Are we really still debating indoor tennis courts in this city?
I have mostly stayed away from this story, just because of the pure absurdity of it. However, it's the absurdity that it's still around that is making me wonder what is going on in the city of Anchorage?
The Anchorage Police Department Academy currently has only 16 recruits. This when Police Chief Mark Mew told the Assembly's Public Safety Committee that officers are "flooding the door." He expects to lose approximately 40 officers this year -- mostly to retirement.
This is at a time when Anchorage is dealing with increased gang activities, a rise in murder and more and more violent crimes hitting the newspapers every day.
However, our leaders' attention is focused squarely on tennis courts.
There is a tendency in these situations to argue that the city has no business spending money on more recreational outlets when we could be putting the money into education, police protection or other worthy places -- the "what about the children" argument.
That argument is a red herring -- an appeal to emotion. However, it's not entirely without merit.
The Anchorage School District claims it is facing a $25 million budget gap next year and is expecting that gap to continue widening through the next few years. This could mean higher student-to-teacher ratios, less money for gifted, special education and early education programs and cuts to services and supplies for teachers. (Many of whom already dip into their own pocketbooks to pay for necessary classroom supplies.)
However, the Anchorage Assembly is spending their time coming up with different ways to spend the $7 million allotted for tennis courts.
Anchorage Rep. Lindsey Holmes supported raising the "Project 80's critical and deferred maintenance" capital budget item to include money for an indoor tennis court facility in West Anchorage.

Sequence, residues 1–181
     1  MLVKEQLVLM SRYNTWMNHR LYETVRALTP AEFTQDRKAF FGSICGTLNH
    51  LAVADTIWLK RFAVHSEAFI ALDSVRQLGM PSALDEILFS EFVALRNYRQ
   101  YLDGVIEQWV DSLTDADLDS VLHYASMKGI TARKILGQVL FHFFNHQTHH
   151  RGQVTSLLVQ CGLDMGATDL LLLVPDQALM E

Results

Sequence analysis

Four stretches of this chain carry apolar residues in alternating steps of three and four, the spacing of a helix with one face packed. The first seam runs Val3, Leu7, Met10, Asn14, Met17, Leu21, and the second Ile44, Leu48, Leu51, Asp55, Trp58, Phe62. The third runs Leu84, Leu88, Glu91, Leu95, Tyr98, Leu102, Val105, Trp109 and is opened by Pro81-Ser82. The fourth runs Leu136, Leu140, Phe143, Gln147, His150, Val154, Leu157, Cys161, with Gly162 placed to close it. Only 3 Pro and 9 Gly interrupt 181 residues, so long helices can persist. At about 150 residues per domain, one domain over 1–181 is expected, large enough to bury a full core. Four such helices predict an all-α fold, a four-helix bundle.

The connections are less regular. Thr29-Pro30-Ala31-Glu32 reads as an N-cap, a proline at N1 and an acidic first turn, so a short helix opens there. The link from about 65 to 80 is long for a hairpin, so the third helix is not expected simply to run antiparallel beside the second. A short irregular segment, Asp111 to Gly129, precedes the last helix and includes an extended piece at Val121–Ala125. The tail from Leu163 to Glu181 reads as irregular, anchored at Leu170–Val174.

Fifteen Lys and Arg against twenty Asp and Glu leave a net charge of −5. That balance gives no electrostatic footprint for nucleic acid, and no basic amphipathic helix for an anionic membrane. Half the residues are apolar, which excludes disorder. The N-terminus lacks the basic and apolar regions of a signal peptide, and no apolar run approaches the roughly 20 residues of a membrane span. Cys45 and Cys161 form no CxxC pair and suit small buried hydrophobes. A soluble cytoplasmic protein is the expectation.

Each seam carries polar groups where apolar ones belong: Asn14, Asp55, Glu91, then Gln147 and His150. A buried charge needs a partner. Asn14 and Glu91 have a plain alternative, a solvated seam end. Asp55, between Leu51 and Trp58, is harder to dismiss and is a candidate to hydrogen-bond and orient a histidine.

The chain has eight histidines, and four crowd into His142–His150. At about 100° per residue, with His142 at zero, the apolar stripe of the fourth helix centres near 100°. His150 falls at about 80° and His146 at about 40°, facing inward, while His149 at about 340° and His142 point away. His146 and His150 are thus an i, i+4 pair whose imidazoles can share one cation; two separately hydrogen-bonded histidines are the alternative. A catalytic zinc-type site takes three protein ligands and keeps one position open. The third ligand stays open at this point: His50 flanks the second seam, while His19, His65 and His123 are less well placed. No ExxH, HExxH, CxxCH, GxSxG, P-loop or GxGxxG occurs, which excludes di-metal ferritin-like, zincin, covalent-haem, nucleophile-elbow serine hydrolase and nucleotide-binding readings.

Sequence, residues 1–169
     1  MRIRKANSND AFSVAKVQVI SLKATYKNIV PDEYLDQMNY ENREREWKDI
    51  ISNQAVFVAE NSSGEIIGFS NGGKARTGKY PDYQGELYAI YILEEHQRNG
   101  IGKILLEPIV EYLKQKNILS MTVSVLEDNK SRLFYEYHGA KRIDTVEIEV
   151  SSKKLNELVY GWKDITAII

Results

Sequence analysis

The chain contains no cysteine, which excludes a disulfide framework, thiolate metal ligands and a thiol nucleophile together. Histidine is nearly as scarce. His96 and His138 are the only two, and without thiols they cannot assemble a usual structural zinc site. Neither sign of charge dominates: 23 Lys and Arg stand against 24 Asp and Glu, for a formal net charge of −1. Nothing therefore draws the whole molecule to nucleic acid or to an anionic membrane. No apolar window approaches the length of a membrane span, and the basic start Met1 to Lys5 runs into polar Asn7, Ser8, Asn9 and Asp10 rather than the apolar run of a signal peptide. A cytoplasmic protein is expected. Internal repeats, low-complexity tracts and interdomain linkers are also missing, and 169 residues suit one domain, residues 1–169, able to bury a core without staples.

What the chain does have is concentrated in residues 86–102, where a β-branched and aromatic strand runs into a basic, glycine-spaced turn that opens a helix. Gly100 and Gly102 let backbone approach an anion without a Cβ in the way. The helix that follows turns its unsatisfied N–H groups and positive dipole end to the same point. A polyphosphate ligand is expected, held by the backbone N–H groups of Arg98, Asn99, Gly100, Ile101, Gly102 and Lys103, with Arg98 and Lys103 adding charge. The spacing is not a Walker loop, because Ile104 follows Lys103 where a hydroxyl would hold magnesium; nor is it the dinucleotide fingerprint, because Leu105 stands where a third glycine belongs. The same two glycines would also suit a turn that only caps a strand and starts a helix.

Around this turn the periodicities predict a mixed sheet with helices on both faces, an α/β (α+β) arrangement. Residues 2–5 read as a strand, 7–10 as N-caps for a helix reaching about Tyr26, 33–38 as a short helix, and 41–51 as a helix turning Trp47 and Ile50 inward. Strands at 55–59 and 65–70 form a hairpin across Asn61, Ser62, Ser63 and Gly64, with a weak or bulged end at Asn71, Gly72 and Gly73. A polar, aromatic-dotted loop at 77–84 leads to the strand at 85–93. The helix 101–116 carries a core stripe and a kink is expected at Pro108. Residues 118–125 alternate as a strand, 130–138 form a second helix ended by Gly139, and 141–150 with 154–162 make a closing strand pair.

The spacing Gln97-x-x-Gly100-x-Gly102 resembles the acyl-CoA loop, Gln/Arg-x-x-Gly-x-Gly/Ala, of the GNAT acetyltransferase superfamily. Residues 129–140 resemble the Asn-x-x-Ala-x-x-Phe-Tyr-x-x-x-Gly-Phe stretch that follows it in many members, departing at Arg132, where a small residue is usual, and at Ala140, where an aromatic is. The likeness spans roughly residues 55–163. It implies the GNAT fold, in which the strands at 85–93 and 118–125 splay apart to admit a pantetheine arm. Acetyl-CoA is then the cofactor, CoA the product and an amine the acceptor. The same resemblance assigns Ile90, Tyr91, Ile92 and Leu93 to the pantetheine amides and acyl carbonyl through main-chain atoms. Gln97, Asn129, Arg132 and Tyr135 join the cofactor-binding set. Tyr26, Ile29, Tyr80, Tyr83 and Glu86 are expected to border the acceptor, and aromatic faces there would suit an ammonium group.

Rep. Bill Stoltze apparently is surprised that much money exists in the budget for the project. He told the Anchorage Daily News in a telephone interview, "I think it's outside of what the mayor had asked for, and he clearly deployed some deceptive practices."
"Next time I'm not going to trust the mayor of Anchorage. He's been less than forthright."
Holmes and Sullivan are still trying to track down the license plate number of the bus that Stoltze -- a fellow Republican -- threw them under.
Now there are multiple options on the table. Some think that the best option is for the Municipality to purchase the Alaska Club North, Assemblyman Bill Starr has proposed spending $4 million on tennis courts and appropriating the rest to upgrade the Sullivan, Dempsey Anderson and Ben Boeke arenas and Eagle River Assemblywoman Amy Demboski wants voters to make the decision on a ballot measure.
The Municipality of Anchorage, just like the State of Alaska is facing some serious economic realities. The state is facing a $2 billion budget revenue shortfall under the current tax regime, ACES. After the first of the year when the new tax structure under SB21 is supposed to have a similar outcome in terms of state revenue.
Gov. Sean Parnell made it clear at the forum hosted by the Anchorage Chamber of Commerce that as a state and as communities, it's time for some belt tightening to make it through what budget cuts are able to be made. The state is tied in to a good portion of its finding through statutory formula funding. There is not a log of wiggle room within the budget to make cuts -- the Legislature is going to have a very difficult job deciding which important state services will have funding cut or have to be cut all together.
Meanwhile the municipality is debating building a $7.7 million facility that would host indoor tennis players year round.
Residents of Alaska and of Anchorage need to buckle down -- building new tennis courts is not something that should be on our agenda -- and it's in stark contrast to the promise he made to upgrade current recreational facilities and not build new facilities when Sullivan ran for mayor.
Anchorage isn't in a position to build this new tennis facility. We don't need it. We do, however, need to upgrade the facilities we have. We need to be more proud of the recreational options we have rather than building tennis courts that will sit empty next to a hockey arena that could use an upgrade.
Mike Dingman is a fifth-generation Alaskan born and raised in Anchorage. He is a former UAA student body president and has worked, studied and volunteered in Alaska politics since the late '90s.